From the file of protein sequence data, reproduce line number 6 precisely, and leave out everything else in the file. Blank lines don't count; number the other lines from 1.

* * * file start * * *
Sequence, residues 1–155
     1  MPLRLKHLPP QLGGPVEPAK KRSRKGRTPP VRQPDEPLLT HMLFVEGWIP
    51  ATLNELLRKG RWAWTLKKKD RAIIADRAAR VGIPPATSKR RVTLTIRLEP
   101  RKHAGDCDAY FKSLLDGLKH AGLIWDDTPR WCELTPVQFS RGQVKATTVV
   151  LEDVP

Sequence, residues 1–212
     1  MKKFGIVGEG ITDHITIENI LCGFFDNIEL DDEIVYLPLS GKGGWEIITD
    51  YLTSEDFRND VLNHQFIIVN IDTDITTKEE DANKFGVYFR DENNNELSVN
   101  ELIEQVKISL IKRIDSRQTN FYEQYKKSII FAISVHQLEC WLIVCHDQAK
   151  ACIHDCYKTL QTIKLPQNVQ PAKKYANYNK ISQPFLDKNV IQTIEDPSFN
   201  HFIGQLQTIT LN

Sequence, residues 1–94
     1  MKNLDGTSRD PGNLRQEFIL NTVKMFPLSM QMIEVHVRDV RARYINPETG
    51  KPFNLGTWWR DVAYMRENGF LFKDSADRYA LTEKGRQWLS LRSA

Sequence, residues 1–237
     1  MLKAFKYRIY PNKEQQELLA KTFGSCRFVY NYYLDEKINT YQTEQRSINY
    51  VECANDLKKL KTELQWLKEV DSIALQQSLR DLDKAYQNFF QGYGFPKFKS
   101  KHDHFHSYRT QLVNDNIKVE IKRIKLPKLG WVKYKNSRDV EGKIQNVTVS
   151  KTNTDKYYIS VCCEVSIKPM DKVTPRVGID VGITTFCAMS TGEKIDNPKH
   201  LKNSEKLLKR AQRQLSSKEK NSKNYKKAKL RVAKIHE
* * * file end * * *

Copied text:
Sequence, residues 1–212